I have not yet finished the book, and have resisted doing further research on Sajer himself, because I don't want to find out what happens to him in 1944-45 (the last section of the book). He obviously survives, as he mentions returning to live in France after the war (listening quietly to the boasts of French 'veterans' in a cafe), but the intensity of his exposition and the drama of the events he relates is so gripping that the reader literally can't put it down, which does not often happen with memoirs of this kind (although there are some good examples out there - I've raved about Robert Mason's Chickenhawk before). This has much to do with Sajer's ability as a writer, but also because of the emotional experience comes through in a way that it doesn't in some other memoirs, which can seem detached when the author is recalling events separated from them by decades.
Increasingly, WW2 accounts by German soldiers are finding their way into English, but up until recently the war in the east was not as well covered in this language, when it comes down to the accounts of individual combatants. Even Sajer occasionally gets vague about events, individuals and units that could be held to account for war crimes, as there is obviously a fear of guilt by association - e.g. when he is on a train which is attacked by Soviet partisans and takes part in a brutal follow-up operation.
It also seems to have quickly become generally accepted by both sides that prisoners only be taken when there were orders to do so. Some German units seem to have simply disarmed their prisoners and turned them loose, which given the weather conditions was probably tantamount to shooting them anyway. Others lacked the food and resources to feed prisoners, so simply shot anyone surrendering. It all contributed to a do-or-die attitude on both sides: the epic last stand of 7000 German troops caught on the wrong side of the river Dnieper during the retreat to Kiev is related in bloody detail, the last sad chapter in a Dunkirk-like evacuation operation of more than 150,000 troops across the river, under daily attack from enemy planes.
Sajer does a great job of remembering how he felt at the age of 16 when he first enlisted, and why he did it (as a French national he did not get drafted). He relates, for example, his hope - certainty even - that the French would join the fight on the Eastern Front, and his disappointment when this did not occur. It is interesting how his idealism about the mission of the Third Reich is gradually beaten out of him in the course of events, as he begins to realise the war in Russia in unwinnable. Soldiers on the ground obviously hoped that Hitler would at some point come to terms with Stalin, or that the Soviet Union would accept a frontier on the Dnieper river. There was an assumption that a higher degree of rationality prevailed in Berlin than was actually the case.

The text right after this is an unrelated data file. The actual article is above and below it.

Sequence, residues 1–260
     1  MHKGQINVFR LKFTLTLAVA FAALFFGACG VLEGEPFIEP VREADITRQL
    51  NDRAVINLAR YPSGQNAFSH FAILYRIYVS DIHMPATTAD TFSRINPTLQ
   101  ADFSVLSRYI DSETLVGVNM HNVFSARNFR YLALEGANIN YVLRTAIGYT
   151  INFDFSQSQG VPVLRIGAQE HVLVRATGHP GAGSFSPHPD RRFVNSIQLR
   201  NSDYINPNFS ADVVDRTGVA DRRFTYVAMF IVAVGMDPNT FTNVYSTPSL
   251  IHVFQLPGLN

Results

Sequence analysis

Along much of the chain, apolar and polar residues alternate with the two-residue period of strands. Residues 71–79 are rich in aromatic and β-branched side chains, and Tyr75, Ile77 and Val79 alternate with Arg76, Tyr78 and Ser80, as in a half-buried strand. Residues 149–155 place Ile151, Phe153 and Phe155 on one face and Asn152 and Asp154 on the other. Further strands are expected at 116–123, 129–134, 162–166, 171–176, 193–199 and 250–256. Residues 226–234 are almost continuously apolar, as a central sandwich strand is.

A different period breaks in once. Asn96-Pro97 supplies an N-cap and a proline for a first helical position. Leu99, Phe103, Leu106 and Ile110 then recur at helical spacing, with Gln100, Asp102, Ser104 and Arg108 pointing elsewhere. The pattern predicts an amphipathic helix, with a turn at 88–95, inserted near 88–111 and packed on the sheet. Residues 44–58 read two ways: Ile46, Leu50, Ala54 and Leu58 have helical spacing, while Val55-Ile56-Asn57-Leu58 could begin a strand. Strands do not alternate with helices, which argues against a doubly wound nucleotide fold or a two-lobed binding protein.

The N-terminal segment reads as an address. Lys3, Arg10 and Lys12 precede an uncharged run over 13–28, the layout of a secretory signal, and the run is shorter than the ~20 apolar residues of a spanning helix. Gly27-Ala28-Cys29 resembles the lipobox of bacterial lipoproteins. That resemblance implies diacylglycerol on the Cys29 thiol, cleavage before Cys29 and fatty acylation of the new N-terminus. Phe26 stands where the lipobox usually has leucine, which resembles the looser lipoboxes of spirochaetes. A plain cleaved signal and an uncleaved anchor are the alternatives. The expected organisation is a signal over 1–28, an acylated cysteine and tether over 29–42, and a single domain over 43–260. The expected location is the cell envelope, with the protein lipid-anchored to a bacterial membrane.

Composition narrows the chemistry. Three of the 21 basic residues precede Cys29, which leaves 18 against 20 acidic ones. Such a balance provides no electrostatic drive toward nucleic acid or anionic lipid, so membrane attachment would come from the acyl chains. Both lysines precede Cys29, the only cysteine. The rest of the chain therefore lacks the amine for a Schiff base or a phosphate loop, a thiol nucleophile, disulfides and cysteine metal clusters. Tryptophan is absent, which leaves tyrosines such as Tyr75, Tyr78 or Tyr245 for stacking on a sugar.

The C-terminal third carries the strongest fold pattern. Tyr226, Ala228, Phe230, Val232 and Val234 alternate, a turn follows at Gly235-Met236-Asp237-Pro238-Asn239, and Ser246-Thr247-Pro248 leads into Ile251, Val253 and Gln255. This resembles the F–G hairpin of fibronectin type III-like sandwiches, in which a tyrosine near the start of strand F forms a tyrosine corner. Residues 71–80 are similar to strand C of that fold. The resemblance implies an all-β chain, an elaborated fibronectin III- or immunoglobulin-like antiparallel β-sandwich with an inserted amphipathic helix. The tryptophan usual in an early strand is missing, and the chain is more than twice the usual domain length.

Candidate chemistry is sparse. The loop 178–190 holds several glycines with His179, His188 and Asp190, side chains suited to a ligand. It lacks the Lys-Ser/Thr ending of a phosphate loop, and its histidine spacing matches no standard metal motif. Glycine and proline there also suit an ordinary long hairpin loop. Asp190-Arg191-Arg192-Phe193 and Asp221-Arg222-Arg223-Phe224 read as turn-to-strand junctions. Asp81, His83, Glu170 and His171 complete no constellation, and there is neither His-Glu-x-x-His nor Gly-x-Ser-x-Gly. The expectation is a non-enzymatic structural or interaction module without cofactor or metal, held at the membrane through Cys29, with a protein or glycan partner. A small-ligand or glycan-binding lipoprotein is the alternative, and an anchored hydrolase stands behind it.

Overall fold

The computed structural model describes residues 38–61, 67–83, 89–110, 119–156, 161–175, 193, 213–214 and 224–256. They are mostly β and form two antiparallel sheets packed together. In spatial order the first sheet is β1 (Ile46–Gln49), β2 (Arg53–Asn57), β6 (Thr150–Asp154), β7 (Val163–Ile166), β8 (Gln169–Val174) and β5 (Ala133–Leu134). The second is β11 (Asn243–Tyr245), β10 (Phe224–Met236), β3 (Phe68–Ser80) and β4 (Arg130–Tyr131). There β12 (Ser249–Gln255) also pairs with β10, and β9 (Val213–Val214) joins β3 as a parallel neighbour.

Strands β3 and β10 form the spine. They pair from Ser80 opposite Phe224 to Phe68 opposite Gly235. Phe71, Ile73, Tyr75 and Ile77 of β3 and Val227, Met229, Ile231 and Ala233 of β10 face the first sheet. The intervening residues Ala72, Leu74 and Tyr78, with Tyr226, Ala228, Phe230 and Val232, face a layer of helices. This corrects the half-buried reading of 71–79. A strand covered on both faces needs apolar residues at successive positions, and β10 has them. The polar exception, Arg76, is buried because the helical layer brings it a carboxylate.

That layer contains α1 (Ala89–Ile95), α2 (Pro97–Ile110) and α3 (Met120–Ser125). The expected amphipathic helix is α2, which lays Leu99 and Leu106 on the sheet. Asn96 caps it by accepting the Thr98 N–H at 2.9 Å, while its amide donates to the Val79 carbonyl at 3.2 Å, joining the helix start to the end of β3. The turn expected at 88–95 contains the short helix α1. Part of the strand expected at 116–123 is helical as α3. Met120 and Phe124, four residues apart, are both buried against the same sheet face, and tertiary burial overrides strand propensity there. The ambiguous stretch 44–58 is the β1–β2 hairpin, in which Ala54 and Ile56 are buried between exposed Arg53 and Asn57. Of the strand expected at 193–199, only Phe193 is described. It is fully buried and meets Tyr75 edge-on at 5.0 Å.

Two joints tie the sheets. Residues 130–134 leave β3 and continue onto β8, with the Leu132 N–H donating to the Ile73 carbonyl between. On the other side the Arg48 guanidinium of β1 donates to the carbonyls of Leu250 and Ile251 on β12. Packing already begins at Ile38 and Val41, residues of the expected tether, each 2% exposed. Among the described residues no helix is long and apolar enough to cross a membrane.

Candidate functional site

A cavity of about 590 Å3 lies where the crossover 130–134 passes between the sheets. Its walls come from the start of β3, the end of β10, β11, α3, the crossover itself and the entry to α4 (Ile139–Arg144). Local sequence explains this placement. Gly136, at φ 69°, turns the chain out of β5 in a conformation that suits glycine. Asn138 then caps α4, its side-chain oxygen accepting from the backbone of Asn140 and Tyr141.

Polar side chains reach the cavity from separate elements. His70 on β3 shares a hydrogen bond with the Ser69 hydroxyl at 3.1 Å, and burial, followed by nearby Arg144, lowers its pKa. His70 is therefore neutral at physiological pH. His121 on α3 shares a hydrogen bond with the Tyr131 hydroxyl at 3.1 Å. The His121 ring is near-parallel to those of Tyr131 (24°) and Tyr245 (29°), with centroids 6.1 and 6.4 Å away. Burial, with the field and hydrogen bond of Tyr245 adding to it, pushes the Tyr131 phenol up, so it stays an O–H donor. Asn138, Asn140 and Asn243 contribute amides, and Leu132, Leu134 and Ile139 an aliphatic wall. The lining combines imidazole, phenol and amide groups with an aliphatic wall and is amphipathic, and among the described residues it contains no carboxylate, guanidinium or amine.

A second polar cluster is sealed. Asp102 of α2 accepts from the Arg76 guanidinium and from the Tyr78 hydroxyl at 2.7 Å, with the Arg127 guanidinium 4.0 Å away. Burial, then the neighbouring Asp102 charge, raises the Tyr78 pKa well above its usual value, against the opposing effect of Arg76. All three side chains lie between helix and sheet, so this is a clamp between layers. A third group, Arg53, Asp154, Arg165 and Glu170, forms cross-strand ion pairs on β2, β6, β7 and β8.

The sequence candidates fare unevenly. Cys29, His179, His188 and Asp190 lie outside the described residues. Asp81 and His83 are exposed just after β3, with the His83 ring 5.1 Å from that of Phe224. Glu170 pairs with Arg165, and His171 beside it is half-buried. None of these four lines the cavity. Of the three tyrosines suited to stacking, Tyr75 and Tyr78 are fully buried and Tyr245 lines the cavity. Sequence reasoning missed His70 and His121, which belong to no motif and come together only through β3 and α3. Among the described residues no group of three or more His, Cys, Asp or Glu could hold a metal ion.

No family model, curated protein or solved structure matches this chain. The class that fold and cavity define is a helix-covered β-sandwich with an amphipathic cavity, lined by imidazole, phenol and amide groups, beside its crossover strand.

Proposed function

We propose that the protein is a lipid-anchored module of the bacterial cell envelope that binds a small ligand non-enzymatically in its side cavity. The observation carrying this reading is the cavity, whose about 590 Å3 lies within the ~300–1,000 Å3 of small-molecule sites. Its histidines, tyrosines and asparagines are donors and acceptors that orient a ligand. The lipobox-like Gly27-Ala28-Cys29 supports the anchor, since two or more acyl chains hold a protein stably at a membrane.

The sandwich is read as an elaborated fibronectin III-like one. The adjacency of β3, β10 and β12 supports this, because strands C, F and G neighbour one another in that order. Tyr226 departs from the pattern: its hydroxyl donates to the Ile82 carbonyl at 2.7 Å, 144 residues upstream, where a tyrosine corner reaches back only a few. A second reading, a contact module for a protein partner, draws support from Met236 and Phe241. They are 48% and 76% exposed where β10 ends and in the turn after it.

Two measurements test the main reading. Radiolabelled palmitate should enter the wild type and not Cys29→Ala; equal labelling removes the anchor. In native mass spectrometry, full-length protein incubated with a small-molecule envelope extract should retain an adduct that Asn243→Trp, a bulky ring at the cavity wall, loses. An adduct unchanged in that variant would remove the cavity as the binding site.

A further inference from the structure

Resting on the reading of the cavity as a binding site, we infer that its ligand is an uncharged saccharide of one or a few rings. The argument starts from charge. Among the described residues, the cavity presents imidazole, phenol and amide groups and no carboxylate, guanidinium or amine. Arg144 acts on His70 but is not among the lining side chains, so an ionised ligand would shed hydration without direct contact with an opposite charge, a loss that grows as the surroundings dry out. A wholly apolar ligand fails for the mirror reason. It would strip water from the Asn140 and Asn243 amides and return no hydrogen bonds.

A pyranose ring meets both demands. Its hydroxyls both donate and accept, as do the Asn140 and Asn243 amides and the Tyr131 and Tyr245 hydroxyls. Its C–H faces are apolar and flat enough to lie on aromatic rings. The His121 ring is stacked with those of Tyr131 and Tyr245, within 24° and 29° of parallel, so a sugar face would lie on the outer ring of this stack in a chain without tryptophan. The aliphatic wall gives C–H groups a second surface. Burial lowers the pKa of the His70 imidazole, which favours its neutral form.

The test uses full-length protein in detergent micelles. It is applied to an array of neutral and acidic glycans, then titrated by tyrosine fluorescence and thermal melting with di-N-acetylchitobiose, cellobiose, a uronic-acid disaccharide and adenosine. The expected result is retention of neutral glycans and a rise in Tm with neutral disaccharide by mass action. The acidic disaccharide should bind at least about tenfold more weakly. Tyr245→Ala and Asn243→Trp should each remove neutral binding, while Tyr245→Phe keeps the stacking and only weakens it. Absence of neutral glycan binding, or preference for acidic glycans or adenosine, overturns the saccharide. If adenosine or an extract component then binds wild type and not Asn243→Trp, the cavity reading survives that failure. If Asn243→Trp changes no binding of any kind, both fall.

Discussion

|German troops in the Soviet Union, circa 1943|
Without radios and limited accurate maps (generally only officers had these), soldiers were often left to blunder around in the dark. Sajer and his colleagues were constantly getting lost before, during and after battles, and bumping into other units and tanks that were also lost. The Russians had similar problems.
The conditions of fighting in the east were some of the worst faced by any combat soldiers in WW2, particularly in the winter months. Casualties from cold and disease were substantial, and half the battle for Sajer was a struggle against the elements and disease, particularly in his case, dysentery. Soldiers were badly fed, often badly led, and were expected to stand and die in the face of enormous firepower from the Russian side. Sajer is caught in a number of heavy bombardments, including from katushya rocket batteries, and this more than anything else seems to have come close to unhinging him. When morale started to ebb, it seems to have drained out of the army en masse. Belief in the mission simply evaporated, and the struggle became more on of survival than anything else.
|The young Guy Sajer|
This has to stand as one of the classic WW2 memoirs, and anyone interested in the war on the Eastern Front from the perspective of the man on the ground should read it. Frankly, I think it ought to be compulsory reading at school, far superior to much of the tosh I had to read, and an important lesson to the iPhone generation, who have only GCSE exams to face at 16, not Russian tanks.